Shutdown angst: Americans say this government shutdown worse than 1995

← return to Water Cooler

The shutdown is getting to us: 70 percent of Americans view the ongoing shutdown of the federal government as a crisis or a major problem, even higher than the 56 percent who said the same thing the same at the height of the last shutdown in December, 1995.

So reports Art Swift, an analyst at Gallup, where pollsters tracked the sentiment then, as they do now.

“Leaders looking to gain ground in public opinion are not succeeding. A majority of Americans report feeling more negatively about the Republican and Democratic congressional leadership since the shutdown began, as well as about President Barack Obama,” Mr. Swift says.

“The negative reactions toward Obama are higher than Gallup recorded toward President Bill Clinton during the 1995 shutdown, while they are about the same toward the Republican leaders in Congress.”

Over informed, emotionally involved Americans are certainly exposed to more news now than they were 18 years ago. But they’re also dealing with additional complications on Capitol Hill.

“For both shutdowns, Americans view the situation rather seriously and think of their leaders more negatively as a result. But today, the proportion who see the shutdown as a crisis or major problem is already quite high. In a year already marked by battles over the fiscal cliff and the sequester, developments that did not exist in 1995-96,

Americans may be more tuned in to congressional turmoil and are reacting accordingly,” Mr. Swift says.

And some more numbers:

61 percent of Americans “feel more negative” about Republican leaders in Congress following the government shutdown; 62 percent felt that way during the 1995 shutdown.

57 percent feel more negative about President Obama following the shutdown; 49 percent felt that way about President Clinton in December, 1995.

49 percent say the government shutdown is a “major problem”; 44 percent felt that way in the 1995 shutdown.

21 percent say the shutdown is a “crisis”; 12 percent felt that way in 1995.

18 percent say the shutdown is a “minor problem”; 30 percent felt that way in 1995.

8 percent say the shutdown is “not a problem”; 13 percent felt that way in 1995.

Source: A Gallup poll of 1,021 U.S. adults conducted Oct. 2-3.

← return to Water Cooler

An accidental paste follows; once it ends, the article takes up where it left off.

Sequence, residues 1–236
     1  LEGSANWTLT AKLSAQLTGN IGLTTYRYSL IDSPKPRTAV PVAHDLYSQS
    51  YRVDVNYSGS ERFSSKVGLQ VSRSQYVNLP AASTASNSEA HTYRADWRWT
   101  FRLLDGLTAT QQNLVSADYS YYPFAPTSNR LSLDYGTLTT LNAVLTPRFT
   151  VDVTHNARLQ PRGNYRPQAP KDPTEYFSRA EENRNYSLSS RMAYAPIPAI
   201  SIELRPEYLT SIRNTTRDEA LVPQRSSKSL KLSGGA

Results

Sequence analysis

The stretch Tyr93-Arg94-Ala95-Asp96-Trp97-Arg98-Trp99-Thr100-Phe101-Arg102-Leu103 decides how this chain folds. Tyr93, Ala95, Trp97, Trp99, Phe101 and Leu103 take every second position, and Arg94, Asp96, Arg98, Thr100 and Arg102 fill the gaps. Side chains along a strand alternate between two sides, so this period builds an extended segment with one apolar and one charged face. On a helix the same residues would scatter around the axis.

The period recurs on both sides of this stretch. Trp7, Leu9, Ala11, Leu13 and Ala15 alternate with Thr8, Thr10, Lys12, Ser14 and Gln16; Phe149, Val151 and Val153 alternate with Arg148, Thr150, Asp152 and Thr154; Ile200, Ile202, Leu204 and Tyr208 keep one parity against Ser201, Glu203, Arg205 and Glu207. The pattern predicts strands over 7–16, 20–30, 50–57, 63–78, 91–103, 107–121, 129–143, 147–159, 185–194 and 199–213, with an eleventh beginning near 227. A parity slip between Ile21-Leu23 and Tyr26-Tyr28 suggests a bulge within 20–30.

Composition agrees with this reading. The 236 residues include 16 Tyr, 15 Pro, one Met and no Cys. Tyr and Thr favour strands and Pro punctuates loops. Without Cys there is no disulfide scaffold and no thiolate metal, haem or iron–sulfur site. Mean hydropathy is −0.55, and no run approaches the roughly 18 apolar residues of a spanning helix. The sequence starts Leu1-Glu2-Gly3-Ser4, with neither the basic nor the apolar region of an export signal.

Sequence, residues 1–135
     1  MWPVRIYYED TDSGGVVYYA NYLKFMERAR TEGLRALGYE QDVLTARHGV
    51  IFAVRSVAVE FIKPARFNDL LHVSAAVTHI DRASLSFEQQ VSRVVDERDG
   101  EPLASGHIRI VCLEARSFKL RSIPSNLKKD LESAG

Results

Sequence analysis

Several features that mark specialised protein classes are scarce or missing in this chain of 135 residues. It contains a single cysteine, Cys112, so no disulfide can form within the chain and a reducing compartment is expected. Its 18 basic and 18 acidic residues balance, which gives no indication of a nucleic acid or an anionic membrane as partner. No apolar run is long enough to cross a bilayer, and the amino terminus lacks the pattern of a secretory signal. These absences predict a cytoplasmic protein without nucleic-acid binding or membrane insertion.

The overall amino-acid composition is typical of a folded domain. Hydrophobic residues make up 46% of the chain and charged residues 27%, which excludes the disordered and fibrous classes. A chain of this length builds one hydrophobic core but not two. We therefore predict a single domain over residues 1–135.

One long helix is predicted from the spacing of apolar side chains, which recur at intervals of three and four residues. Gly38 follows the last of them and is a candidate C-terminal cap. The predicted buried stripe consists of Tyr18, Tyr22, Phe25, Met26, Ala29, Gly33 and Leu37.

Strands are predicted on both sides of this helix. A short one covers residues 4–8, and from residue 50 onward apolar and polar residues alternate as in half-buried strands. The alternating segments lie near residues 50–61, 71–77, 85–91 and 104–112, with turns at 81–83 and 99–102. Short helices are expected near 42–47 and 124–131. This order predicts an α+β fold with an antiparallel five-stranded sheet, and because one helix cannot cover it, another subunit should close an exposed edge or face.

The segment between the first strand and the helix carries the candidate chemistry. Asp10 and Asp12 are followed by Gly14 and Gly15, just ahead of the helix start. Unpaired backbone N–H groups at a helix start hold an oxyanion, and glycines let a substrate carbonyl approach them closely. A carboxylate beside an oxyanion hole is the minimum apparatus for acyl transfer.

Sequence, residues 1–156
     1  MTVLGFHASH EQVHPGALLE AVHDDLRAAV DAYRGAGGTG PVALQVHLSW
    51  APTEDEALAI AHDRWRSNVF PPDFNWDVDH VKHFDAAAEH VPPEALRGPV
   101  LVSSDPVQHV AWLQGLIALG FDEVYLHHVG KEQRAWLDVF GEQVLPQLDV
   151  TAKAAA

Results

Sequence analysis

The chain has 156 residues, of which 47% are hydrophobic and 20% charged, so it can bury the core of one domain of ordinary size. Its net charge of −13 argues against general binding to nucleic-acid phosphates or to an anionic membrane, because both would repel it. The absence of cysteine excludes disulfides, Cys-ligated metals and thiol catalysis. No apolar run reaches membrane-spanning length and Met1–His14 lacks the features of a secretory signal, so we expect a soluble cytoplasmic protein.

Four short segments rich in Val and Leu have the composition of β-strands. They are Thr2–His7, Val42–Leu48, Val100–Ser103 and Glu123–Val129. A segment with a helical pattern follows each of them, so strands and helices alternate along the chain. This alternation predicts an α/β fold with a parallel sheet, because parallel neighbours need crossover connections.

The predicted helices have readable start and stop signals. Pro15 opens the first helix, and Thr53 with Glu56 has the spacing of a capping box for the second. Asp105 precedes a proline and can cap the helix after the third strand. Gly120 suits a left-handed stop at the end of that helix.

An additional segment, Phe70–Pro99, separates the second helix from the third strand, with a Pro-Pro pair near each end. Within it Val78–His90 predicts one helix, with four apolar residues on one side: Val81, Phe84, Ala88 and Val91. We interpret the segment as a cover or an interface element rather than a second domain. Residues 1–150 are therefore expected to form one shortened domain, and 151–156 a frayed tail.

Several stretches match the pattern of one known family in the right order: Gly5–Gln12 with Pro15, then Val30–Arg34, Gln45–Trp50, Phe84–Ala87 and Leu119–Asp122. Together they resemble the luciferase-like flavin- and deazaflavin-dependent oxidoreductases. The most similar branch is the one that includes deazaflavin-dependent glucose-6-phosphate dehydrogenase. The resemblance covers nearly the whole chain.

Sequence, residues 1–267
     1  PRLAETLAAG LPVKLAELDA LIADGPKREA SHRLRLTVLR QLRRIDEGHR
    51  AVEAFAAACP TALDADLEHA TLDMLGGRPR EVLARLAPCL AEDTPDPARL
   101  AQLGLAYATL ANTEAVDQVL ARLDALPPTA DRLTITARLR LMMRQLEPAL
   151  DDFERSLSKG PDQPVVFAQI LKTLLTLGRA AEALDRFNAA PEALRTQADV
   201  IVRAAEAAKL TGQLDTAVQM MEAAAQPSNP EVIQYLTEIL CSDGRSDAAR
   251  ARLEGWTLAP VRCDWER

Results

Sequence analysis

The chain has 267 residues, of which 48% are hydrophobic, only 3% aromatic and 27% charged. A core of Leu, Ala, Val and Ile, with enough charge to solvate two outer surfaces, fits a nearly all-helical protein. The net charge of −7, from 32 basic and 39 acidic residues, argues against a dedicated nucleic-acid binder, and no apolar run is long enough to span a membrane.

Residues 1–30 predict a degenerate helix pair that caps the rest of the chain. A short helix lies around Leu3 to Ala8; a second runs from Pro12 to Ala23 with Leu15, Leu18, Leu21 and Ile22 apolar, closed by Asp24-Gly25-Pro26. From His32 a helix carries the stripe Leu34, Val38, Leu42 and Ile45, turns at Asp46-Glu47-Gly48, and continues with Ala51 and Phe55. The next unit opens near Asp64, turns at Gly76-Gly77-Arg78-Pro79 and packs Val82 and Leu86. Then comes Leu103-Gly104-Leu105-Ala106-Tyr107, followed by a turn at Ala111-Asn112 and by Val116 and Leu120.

Comments
blog comments powered by Disqus
You Might Also Like
  • Maureen McDonnell looks on as her husband, former Virginia Gov. Bob McDonnell, made a statement on Tuesday after the couple was indicted on corruption charges. (associated press)

    PRUDEN: Where have the big-time grifters gone?

  • This photo taken Jan. 9, 2014,  shows New Jersey Gov. Chris Christie gesturing as he answers a question during a news conference  at the Statehouse in Trenton.  Christie will propose extending the public school calendar and lengthening the school day in a speech he hopes will help him rebound from an apparent political payback scheme orchestrated by key aides. The early front-runner for the 2016 Republican presidential nomination will make a case Tuesday Jan. 14, 2014, that children who spend more time in school graduate better prepared academically, according to excerpts of his State of the State address obtained by The Associated Press. (AP Photo/Mel Evans)

    BRUCE: Bombastic arrogance or humble determination? Chris Christie’s choice

  • ** FILE ** Secretary of State Hillary Rodham testifies on Capitol Hill in Washington, Wednesday, Jan. 23, 2013, before the Senate Foreign Relations Committee hearing on the deadly September attack on the U.S. diplomatic mission in Benghazi, Libya, that killed Ambassador J. Chris Stevens and three other Americans. (AP Photo/Pablo Martinez Monsivais, File)

    PRUDEN: The question to haunt the West

  • Illustration by Greg Groesch/The Washington Times

    LAMBRO: Skirting the lane-closure issue

  • Illustration by Linas Garsys/The Washington Times

    LYONS: Benghazi demands a select committee in Congress

  • Happening Now